From gender fluidity to the phenomenon that is millennial pink, we take a look at the aspirations, habits and trends colouring this oft- misunderstood generation.
We take a look at the aspirations, habits and trends colouring this oft-misunderstood generation.
TH E MI L L ENNIA L G EN E R ATI ON
– an umbrella term used to describe anyone born between 1982 to 2004 – is perhaps one of the 21st century’s greatest and longstanding enigmas. Garnering both praise and criticism in equal measure, they’ve been labelled everything from “narcissistic” and “entitled”, to “innovators” and “game changers”.
According to the Pew Research Center, millennials account for 27 per cent of the global population, which translates roughly to around 2 billion people – a fastgrowing demographic that has got big brands to sit up and take notice. And rightly so.
Currently between 13 and 35 years of age, those millennials who are on the cusp of adulthood with prime spending power are driving the world’s consumer spending growth. According to a report published by financial services company The Motley Fool, millennials will have more spending power than baby boomers by next year. The report also suggests that the demographic will have a collective spending power of US$1.4 trillion (S$1.8 trillion) by the year 2020.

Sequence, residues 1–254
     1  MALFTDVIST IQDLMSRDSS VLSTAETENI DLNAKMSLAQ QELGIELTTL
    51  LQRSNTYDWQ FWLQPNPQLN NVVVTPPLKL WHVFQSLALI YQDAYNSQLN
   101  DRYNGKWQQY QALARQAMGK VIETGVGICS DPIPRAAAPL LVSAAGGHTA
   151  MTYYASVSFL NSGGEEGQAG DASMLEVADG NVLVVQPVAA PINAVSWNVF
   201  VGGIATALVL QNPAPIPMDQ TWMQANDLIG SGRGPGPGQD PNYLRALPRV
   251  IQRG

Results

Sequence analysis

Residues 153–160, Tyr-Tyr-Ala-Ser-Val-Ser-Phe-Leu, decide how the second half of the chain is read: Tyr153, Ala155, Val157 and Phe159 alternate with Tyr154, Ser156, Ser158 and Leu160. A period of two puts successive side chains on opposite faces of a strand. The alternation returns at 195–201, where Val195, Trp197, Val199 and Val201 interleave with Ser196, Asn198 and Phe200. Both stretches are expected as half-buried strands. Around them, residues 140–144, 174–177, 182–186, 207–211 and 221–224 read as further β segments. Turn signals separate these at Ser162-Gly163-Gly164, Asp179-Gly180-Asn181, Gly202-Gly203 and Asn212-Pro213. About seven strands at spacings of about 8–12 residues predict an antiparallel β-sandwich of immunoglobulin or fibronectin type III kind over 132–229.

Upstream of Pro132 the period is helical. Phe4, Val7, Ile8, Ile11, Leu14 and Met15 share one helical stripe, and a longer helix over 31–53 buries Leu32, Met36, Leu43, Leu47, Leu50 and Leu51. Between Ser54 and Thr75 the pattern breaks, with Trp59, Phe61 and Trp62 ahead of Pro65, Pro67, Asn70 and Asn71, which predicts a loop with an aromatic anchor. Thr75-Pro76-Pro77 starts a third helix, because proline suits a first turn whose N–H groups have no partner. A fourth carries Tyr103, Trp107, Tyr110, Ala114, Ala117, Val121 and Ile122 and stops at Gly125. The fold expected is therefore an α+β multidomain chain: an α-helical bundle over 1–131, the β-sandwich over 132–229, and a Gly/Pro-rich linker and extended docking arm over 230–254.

Wealthy millennials, on the other hand, are taking it up a notch. In June this year, a study by RBC Wealth Management revealed that high-net-worth individuals from this generation with an average of US$5.7 million (S$7.6 million) investable assets each were found to be largely involved in areas such as investment, savings and wealth management.
Unaffected by issues of general affordability, they are able to act on aspirations at the blink of an eye – thus, putting them in the driver’s seat to influence the mindsets and spending habits of their peers. Brands have wasted no time in tapping on their spheres of influence to get the word out on their products and services. Instead of spending millions of dollars on ad campaigns and billboards, they are seeking to convert affluent millennials into poster children for their causes, a much more effective way at reaching a target demographic who thrives on familiarity and authenticity when making purchase decisions.
They are revolutionising the way we work, too. Millennials’ preference for part-time work and being self-employed has paved the way for the rise of the “gig economy”. Professor Paulin Straughan, a sociologist and dean of students at Singapore Management University, attributes this to a tight job market which has made fulltime employment not as easy to come by. Adding to this is a cultural shift where millennials are not willing to sacrifice passion for the mundane.
Work-life balance, Straughan adds, has never been more integral. “They have a clearer distinction between work and play based on the experiences of those around them. They’ve seen friends and family having had to clock long hours and the consequences that has on mental and physical health, family and other social relationships,” she says.
Whichever way you look at it, millennials are doing away with the rigmarole of the past. They’re the here-andnow generation – an ever-evolving medley of dreamers, innovators and change-makers constantly pushing boundaries and challenging the status quo.